Fun story, really ... we fished a lot of the usual to start with and didn't have much luck. We did see some dark bodied caddis flying around, along with a few small black stones. Being a small-fly kind of guy, I don't spend much time fishing Stonefly patterns; but guessing the fish were pretty deep, I decided to rig up with a Prince Nymph and egg pattern combination (see reasoning from previous blog).
The tungsten Prince Nymph and slow deep water have a tendency to butt heads, so we found ourselves hooking up on the bottom quite frequently. That's when the gears in my head got turning a bit (insert rusty creaking noise here) and I started doing a light "pull set" to release the fly from the obstacle hanging it up. The thought was, that if a fish hit, I'd feel the resistance, and if not, a slow pull set would imitate a Stonefly crawling toward the banks like its usual hatching process.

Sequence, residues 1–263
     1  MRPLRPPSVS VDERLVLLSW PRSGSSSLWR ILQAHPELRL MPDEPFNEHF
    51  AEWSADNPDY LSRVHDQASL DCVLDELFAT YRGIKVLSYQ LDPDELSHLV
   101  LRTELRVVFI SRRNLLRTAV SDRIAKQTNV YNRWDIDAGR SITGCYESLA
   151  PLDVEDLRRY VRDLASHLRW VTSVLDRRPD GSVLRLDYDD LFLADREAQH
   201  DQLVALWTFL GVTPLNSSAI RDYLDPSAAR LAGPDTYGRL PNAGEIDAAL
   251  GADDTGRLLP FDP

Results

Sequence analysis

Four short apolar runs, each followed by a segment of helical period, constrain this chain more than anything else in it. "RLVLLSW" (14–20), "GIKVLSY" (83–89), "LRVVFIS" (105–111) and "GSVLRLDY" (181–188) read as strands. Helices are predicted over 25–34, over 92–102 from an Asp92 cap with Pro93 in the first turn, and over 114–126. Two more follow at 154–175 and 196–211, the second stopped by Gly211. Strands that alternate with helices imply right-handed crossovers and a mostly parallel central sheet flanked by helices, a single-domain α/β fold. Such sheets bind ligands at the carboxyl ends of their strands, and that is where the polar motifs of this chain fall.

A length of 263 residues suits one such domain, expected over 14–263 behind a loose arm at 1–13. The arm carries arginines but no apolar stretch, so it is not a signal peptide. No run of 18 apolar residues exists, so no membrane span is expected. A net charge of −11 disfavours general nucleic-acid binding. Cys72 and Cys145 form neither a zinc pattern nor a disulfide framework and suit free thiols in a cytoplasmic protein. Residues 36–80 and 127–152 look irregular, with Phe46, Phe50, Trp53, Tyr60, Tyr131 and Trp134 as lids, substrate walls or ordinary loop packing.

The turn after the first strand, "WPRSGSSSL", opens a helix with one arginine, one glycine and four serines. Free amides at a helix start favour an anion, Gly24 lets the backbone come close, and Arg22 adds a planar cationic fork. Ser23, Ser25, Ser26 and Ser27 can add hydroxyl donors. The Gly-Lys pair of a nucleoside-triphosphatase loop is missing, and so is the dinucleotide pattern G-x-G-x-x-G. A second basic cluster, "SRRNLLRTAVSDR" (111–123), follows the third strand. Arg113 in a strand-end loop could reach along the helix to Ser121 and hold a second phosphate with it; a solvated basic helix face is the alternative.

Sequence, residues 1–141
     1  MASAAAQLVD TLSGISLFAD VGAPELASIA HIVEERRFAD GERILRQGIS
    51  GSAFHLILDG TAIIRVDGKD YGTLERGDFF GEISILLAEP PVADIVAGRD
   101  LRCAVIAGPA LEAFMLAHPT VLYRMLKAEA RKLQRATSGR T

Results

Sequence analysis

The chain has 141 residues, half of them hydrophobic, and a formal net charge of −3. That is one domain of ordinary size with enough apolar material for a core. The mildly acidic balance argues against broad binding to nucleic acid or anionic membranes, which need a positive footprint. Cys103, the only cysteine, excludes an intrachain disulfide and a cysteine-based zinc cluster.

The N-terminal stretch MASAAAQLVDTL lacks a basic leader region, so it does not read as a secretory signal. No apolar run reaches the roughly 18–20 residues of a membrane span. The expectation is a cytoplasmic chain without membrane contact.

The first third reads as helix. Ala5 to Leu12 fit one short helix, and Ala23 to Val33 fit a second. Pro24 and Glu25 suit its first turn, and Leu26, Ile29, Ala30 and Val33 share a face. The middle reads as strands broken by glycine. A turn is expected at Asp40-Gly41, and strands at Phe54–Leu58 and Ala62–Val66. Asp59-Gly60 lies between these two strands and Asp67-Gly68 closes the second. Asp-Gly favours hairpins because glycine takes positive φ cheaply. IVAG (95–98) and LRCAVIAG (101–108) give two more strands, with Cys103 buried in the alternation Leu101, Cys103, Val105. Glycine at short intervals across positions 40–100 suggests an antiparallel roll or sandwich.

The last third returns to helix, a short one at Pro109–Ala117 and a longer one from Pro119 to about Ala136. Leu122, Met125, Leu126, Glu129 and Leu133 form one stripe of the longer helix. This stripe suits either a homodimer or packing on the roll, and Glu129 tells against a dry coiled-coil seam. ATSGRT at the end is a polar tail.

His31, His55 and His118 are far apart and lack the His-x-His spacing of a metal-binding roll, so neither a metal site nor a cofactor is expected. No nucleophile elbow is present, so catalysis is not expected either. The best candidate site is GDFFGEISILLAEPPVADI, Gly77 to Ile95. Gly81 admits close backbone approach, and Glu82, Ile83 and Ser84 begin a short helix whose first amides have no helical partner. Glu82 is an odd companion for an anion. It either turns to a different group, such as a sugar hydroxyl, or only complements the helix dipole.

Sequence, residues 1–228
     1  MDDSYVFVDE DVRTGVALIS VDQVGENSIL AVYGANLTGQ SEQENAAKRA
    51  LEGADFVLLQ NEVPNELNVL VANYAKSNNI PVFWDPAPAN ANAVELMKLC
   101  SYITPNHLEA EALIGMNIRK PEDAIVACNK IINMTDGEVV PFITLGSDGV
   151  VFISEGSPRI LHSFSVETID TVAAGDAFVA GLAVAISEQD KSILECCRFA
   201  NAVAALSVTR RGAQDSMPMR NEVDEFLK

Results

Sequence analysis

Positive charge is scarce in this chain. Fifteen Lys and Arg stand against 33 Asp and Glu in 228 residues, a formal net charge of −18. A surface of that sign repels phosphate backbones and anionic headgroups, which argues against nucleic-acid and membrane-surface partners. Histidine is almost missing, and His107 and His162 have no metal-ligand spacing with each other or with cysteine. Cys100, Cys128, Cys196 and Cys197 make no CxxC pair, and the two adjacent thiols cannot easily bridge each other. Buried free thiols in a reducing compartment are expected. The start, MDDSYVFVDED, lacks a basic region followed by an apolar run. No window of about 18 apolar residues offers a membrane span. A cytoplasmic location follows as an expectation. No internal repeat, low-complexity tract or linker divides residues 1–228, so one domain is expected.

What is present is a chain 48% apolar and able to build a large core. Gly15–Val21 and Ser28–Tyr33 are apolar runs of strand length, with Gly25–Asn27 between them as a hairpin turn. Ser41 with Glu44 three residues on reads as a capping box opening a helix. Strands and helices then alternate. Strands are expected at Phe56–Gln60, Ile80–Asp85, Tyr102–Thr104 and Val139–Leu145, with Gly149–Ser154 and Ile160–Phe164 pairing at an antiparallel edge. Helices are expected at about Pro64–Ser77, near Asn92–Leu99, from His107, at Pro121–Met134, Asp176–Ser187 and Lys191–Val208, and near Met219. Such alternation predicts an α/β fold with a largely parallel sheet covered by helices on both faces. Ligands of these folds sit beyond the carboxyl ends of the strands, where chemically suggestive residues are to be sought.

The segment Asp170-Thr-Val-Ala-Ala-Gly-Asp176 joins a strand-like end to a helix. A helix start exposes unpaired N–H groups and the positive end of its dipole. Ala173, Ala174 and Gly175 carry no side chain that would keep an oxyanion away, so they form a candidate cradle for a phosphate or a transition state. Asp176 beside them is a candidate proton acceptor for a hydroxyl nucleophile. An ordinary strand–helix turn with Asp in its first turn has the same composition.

Turns out I was right! We ended up hooking 8 fish in about 20 minutes, all in the healthy 14"+ range. It was like clockwork ... we would make a few pull sets and inevitably one of them would pull back, then you just lifted the rod like normal and waited for the fast run of a 14" brown to ensue.
I think that's what I love about this sport so much - even in the highly predictable West, you can still figure out new, unique situations that you've never tried before.
Here's to Discovery!